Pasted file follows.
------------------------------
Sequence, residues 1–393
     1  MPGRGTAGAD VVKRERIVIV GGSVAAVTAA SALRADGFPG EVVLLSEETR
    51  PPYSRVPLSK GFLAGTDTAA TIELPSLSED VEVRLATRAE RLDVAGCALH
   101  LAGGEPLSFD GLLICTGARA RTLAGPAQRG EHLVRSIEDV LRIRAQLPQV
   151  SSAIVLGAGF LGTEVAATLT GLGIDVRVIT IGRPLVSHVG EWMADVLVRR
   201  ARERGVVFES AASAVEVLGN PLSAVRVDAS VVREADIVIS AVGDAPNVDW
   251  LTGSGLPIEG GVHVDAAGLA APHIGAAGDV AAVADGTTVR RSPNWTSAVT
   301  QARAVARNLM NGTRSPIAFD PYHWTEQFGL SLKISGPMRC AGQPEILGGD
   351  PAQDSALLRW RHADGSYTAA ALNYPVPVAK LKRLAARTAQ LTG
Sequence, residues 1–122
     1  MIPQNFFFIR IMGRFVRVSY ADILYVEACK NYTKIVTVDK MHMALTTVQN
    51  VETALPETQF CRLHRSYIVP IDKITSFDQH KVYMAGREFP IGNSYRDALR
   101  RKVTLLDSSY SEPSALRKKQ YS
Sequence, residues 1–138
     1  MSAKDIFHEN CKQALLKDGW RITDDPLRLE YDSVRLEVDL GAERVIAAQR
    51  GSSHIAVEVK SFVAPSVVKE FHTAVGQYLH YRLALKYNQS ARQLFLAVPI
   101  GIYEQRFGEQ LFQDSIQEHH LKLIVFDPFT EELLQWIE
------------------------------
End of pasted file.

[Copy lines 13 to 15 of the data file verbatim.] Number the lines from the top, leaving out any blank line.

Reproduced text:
   101  RKVTLLDSSY SEPSALRKKQ YS
Sequence, residues 1–138
     1  MSAKDIFHEN CKQALLKDGW RITDDPLRLE YDSVRLEVDL GAERVIAAQR